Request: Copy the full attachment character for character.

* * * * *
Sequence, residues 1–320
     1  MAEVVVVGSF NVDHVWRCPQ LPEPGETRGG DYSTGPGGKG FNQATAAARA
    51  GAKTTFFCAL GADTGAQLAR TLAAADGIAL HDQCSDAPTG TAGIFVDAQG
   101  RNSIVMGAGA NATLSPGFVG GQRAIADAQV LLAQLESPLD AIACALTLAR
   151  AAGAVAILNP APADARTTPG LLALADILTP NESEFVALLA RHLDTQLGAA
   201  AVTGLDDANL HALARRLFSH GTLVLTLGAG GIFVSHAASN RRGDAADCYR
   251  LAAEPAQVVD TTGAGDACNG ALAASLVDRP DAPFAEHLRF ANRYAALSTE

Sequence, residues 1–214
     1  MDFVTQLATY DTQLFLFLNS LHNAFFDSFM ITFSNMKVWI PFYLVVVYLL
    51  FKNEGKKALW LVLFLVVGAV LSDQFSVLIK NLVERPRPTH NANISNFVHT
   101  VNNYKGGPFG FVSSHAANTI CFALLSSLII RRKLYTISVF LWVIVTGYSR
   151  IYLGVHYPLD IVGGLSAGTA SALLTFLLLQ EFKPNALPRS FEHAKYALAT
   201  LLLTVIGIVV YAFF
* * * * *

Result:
Sequence, residues 1–320
     1  MAEVVVVGSF NVDHVWRCPQ LPEPGETRGG DYSTGPGGKG FNQATAAARA
    51  GAKTTFFCAL GADTGAQLAR TLAAADGIAL HDQCSDAPTG TAGIFVDAQG
   101  RNSIVMGAGA NATLSPGFVG GQRAIADAQV LLAQLESPLD AIACALTLAR
   151  AAGAVAILNP APADARTTPG LLALADILTP NESEFVALLA RHLDTQLGAA
   201  AVTGLDDANL HALARRLFSH GTLVLTLGAG GIFVSHAASN RRGDAADCYR
   251  LAAEPAQVVD TTGAGDACNG ALAASLVDRP DAPFAEHLRF ANRYAALSTE

Sequence, residues 1–214
     1  MDFVTQLATY DTQLFLFLNS LHNAFFDSFM ITFSNMKVWI PFYLVVVYLL
    51  FKNEGKKALW LVLFLVVGAV LSDQFSVLIK NLVERPRPTH NANISNFVHT
   101  VNNYKGGPFG FVSSHAANTI CFALLSSLII RRKLYTISVF LWVIVTGYSR
   151  IYLGVHYPLD IVGGLSAGTA SALLTFLLLQ EFKPNALPRS FEHAKYALAT
   201  LLLTVIGIVV YAFF